Child Abuse and Other Crimes Plaguing Region

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The Caribbean Is One Nation.


Once more we are forced to comment on the rising levels of child abuse in our region. Recent reports and statistics from Jamaica and Trinidad reveal that there have been over five thousand reported cases of child abuse combined in these two sister islands. We suggest that if these figures only represent official statistics, the number of children being abuse throughout the region could be several thousand. There are also some 300 cases of child abuse being reported in Barbados annually. When we consider that these are reported cases, we shudder to think what is the real number. When we take into consideration other areas of abuse such as: spousal, sexual and abuse against our senior citizens, we realize that we have a problem, that is affecting thousands of our most vulnerable citizens. It is a situation that needs to be confronted in a very swift and comprehensive manner. We are aware that some countries are taking steps to combat this reality but we fea…

Bajans in New York Celebrate Heroes Day

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The Caribbean Is One Nation.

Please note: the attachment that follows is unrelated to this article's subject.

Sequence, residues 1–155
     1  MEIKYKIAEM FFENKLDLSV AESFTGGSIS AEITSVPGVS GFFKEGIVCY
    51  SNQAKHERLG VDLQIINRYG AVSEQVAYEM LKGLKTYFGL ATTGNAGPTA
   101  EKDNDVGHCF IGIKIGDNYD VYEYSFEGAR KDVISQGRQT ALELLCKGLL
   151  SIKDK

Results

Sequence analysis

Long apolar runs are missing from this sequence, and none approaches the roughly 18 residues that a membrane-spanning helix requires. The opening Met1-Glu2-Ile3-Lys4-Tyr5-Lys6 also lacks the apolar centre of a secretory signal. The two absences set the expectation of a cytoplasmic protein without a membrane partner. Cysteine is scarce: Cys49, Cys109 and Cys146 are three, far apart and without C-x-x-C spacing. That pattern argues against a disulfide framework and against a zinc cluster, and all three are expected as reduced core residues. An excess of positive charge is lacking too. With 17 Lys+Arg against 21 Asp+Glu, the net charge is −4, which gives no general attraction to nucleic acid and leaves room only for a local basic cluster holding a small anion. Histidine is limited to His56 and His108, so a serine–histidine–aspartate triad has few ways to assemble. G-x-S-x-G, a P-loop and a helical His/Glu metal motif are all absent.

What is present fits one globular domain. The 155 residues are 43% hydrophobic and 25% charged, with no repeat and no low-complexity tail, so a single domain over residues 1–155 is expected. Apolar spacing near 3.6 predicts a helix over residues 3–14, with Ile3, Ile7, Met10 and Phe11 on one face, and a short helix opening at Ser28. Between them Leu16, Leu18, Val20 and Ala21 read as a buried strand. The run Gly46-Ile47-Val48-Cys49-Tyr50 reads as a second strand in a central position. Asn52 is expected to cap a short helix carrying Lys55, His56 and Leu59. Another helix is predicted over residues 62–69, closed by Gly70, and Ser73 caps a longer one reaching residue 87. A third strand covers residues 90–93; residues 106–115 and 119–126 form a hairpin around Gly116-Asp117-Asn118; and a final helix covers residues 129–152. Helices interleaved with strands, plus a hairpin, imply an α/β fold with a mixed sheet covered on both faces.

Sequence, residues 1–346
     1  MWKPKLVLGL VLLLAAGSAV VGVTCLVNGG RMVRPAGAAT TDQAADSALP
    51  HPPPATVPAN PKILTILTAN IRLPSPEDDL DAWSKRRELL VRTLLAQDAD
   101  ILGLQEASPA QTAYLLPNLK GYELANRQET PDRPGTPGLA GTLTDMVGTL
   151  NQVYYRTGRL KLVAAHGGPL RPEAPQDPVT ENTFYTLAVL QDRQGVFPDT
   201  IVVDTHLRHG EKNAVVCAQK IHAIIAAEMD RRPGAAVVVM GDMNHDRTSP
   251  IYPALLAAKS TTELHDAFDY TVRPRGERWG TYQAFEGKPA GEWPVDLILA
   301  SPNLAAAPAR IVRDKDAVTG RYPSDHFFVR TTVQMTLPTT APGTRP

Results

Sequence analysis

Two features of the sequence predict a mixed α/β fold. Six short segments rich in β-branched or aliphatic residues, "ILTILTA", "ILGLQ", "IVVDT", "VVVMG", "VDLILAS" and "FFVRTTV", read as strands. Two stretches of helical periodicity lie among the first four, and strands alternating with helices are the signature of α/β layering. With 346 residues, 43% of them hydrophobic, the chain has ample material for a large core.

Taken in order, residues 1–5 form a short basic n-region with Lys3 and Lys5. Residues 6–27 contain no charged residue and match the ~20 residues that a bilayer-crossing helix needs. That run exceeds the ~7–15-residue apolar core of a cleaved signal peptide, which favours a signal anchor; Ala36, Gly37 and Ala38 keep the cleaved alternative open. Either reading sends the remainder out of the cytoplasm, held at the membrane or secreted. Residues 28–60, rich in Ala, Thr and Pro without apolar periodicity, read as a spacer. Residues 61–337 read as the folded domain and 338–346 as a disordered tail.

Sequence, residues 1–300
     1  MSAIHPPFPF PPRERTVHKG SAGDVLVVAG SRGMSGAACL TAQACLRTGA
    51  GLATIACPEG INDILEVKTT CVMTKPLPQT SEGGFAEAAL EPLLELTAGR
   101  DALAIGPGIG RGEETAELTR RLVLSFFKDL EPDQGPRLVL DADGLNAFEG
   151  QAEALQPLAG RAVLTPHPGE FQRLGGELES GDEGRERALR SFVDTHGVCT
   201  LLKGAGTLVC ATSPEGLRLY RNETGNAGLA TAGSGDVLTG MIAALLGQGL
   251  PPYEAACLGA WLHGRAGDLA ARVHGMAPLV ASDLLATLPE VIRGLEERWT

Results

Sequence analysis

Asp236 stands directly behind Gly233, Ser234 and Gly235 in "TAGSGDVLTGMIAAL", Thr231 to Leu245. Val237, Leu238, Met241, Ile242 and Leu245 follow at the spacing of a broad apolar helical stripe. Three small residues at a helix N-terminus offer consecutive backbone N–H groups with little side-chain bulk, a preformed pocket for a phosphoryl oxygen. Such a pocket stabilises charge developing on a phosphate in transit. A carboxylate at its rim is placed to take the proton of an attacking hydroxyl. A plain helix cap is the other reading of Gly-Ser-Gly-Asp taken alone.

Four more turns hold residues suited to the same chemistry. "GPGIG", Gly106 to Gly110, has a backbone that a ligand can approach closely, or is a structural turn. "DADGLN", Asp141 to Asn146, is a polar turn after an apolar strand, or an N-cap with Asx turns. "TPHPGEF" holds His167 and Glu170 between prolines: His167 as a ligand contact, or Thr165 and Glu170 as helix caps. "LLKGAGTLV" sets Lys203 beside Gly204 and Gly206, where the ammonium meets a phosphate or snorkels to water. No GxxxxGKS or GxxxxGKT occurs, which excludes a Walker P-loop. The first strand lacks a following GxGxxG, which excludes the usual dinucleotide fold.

By Michael Headley

In less than twenty-four hours, the weather had changed from hot to cool, but it did not deter some enthusiastic Bajans, and honorary Bajans,   from attending the 2017 National Heroes Day celebration at St. Gabriel's Episcopal church  on Sunday, April 30th, in Brooklyn, New York.  The church is located at 331 Hawthorne Street, Brooklyn, NY 11225 and the Rector is The Very Reverend Eddie Alleyne. It was nostalgic to hear folk music playing as a prelude to the program.  The service was held under the patronage of the Consulate General of Barbados at New York.   Dr. The Honorable Donna E. Hunte-Cox, Consulate General, gave the opening greeting and highlighted some of the distinct characteristics of heroism, such as courage, bravery, selflessness, charm and fairness, that had been exhibited by the honored heroes.



CharmaineYate’s solo and the instrumental tribute by Saxophonist, Mr. DavianAlleyn…
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| Posted by The Integrationist in Functional Cooperation It is currently becoming fashionable it seems, to speak of Caribbean Civilization. Fashionable, I say, because I don’t think many have really thought through the matter, or at least it does not seem so from the context in which they utter the phrase. To my knowledge, the first time the idea was publicly stated was by Barbadian Prime Minister Errol Barrow in a speech at the Miami Conference on the Caribbean in November 1986, titled, ‘Our Caribbean Civilisation’. This is fitting, because in the English-speaking Caribbean, Barbados — with the oldest continuous elected Assembly of legislators in the Western Hemisphere (365 years old this year) and commendable achievement in building a secure, prosperous, confident, and well-ordered society — perhaps has the greatest justification in making the argument. More recently, Prime Minister of St. Vincent and the Grenadines, Ralph Gonsalves, has forwarded the idea at the Inaugural Lecture i…